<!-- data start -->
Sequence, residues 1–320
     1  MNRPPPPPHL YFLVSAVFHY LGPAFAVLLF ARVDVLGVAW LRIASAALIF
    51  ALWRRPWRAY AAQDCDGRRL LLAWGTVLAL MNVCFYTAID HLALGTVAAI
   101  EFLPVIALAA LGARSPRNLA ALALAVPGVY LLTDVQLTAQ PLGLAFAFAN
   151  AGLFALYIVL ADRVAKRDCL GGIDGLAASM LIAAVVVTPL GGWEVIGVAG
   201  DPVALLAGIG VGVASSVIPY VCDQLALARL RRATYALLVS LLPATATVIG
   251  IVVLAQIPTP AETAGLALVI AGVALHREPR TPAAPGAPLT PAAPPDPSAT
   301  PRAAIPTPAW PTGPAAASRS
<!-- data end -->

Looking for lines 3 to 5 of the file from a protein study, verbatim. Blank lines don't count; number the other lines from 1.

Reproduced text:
    51  ALWRRPWRAY AAQDCDGRRL LLAWGTVLAL MNVCFYTAID HLALGTVAAI
   101  EFLPVIALAA LGARSPRNLA ALALAVPGVY LLTDVQLTAQ PLGLAFAFAN
   151  AGLFALYIVL ADRVAKRDCL GGIDGLAASM LIAAVVVTPL GGWEVIGVAG